By Lisa Johnston
New products on display at the American International Toy Fair, held in N
Portland, Ore. — AudioSource continues to reinvent itself.
Until late 2011, the audio specialty company positioned itself exclusively in the market for value-priced but high-quality component amplifiers, architectural speakers and custom-installation accessories, such as in-wall volume controls. Then the company expanded into active soundbars and expanded its distribution beyond the custom-install channel. Now the company has begun shipping the first in a planned series of Bluetooth speakers, with additional models to be shown to dealers beginning in 60 days with shipments in early 2014.
Plans are also in the works to replace AudioSource’s current three soundbars with Bluetooth-equipped models in the summer, offer a compact soundbar product for game consoles sometime this year, and enter wireless multi-room audio at some point.
AudioSource, a 35-year-old audio brand, expanded beyond legacy audio components to enter “growth-oriented product categories” and change the brand’s demographics, which skewed to males who were 45 years of age or older, said CEO Tom O’Mara. Soundbars, he said, expand the brand to women and younger consumers, as do Bluetooth speakers.
As the company added soundbars, it also added distribution outside install channels, signing up such retailers as P.C. Richard, Fred Meyer, Badcock and Moore, and NATM’s Electronics Express to achieve a brick-and-mortar storefront count of more than 2,000, O’Mara said. AudioSource also sells on Amazon.
Company sales rose 60 percent in 2012 because of the addition of soundbars to the line and expanded distribution beyond custom-install channels, O’Mara said.
By year’s end, because of the launch of its first Bluetooth speaker, the company will boast placement in 5,000 to 7,000 storefronts as the company looks to bring the device to campus bookstores, sporting-goods stores, military exchanges, office-supply stores, hardware chains, FYE and the Wireless Zone franchise chain of more than 400 outlets. With soundbars, the company’s distribution had been focused on traditional CE channels such as CE and A/V specialists and appliance/electronics stores.
Though the Bluetooth speaker market is crowded, O’Mara admitted, the market “needs a value-oriented quality audio brand” offering a unique product. “There are a lot of rectangles out there,” he said, so the company opted to launch the $39-suggested Sound Pop, a 3-inch-round water-resistant speaker with silicone shell and suction cup that sticks to non-porous surfaces such as showers, car windows, boats and hot tubs. The speaker, which doubles as a hands-free speakerphone, features Bluetooth 4.0 to offer HD Voice and noise cancellation, Bluetooth AVRCP to control track up/down and volume on the Bluetooth-equipped music source, single 1.5-inch driver, 3-watt Class D amp, DSP to flatten frequency response and an eight-hour lithium-ion battery.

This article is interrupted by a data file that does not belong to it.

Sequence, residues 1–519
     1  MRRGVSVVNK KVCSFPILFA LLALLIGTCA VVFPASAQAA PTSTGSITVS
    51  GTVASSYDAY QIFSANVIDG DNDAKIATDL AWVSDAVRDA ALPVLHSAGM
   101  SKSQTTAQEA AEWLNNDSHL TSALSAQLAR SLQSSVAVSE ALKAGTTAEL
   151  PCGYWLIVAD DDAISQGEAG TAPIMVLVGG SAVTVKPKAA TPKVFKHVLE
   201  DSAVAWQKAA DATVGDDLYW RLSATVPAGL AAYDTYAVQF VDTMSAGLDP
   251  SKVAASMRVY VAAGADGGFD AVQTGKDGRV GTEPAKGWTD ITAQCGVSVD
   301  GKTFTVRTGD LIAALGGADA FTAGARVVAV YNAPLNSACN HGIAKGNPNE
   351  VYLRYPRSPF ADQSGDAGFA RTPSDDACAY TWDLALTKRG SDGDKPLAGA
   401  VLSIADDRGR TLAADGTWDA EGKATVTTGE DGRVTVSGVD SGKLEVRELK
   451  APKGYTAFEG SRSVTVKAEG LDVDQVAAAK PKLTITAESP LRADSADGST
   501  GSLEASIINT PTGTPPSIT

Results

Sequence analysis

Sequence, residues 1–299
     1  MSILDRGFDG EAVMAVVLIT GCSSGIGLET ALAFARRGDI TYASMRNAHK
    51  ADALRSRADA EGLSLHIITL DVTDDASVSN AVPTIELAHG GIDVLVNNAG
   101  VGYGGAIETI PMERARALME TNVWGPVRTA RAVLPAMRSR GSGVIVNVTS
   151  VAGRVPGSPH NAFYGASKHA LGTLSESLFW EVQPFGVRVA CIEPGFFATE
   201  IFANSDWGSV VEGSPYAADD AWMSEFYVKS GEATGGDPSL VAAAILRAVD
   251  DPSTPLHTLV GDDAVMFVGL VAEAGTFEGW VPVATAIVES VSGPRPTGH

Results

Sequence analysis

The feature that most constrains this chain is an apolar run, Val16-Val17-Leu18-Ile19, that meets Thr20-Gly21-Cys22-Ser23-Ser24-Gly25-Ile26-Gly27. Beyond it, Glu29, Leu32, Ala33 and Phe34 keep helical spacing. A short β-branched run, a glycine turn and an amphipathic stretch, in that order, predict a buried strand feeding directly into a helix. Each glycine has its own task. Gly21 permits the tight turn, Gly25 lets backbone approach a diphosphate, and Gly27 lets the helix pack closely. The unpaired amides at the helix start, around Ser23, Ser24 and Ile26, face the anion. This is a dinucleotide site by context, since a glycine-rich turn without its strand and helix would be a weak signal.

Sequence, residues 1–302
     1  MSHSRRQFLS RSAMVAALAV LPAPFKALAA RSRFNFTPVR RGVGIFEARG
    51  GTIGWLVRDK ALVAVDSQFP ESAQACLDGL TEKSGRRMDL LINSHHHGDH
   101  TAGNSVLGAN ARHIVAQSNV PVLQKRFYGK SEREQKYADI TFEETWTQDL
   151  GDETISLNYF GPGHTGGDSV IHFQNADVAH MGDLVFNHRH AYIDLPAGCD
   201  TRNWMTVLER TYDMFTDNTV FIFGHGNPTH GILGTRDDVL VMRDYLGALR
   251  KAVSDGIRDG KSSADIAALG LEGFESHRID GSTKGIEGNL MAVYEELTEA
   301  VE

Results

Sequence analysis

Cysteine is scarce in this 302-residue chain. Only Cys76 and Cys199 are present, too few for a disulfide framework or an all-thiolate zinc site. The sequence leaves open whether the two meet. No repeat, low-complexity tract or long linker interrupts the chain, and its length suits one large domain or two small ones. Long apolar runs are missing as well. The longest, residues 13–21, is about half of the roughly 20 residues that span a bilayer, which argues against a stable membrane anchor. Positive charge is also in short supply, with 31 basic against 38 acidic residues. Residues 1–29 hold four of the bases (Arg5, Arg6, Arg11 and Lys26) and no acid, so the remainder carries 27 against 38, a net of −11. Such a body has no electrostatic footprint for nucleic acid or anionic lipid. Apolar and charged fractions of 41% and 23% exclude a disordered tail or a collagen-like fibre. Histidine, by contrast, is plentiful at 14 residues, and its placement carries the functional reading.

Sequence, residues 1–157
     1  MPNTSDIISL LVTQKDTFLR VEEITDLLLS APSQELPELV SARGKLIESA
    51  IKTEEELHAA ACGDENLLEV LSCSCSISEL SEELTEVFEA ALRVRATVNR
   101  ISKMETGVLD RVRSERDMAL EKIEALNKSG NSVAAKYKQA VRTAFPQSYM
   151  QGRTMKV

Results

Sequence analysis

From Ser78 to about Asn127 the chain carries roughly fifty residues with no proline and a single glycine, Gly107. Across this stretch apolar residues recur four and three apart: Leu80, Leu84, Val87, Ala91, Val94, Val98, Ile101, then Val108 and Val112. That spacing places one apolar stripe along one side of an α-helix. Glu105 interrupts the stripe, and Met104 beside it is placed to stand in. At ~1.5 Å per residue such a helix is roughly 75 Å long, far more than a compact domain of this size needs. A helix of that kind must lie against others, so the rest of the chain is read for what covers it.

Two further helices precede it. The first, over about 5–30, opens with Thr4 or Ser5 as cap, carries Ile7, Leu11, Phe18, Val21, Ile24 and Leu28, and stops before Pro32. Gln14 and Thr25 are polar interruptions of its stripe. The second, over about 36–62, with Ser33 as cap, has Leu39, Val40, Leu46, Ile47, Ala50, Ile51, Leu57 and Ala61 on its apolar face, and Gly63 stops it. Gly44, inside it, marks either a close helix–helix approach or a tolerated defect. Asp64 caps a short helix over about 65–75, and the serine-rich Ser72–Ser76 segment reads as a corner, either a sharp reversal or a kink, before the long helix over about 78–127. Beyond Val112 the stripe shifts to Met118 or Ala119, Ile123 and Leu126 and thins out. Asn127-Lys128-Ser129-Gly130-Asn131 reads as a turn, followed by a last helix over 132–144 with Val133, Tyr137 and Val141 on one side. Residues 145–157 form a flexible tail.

The next wave of four to five Bluetooth speakers will range in price up to $249 and will include mostly portable models but also an AC-only model.
The company’s next three soundbars will be priced the same as the current models at a suggested $99 to $349 but will add Bluetooth, higher power output, new cosmetics, a remote volume control for the subwoofer output, a smaller profile with less height and depth, and other enhancements.
The new soundbars will continue to offer Sonic Emotion’s audio technology, which Sonic Emotion promotes as delivering a large surround sweet spot that reaches everyone in a room. The technology uses “wave field synthesis to create a field of sonic waves resulting in the illusion of sounds originating from all around,” Sonic Emotions contended. “Listeners are surrounded in immersive, balanced audio regardless of their positioning, device location, and room dimensions.”
The current soundbars feature digital coaxial and optical inputs, analog stereo inputs, six full-range drivers, two built-in subs and a subwoofer output.
The company’s current audio components consist of architectural speakers priced at $59/pair to $149/pair, two-channel amps starting at $99, and a 12-channel multi-room amp at $799.
The brand, owned by privately held Peak Audio Group, was among a trio of audio companies owned by Peak predecessor Rodan from 2006 through 2009, when Rodan sold off Phoenix Gold’s home and car audio business to Aamp of America and sold Carver to a Taiwan-based company. Rodan changed its name to Peak and began to focus solely on the AudioSource brand.
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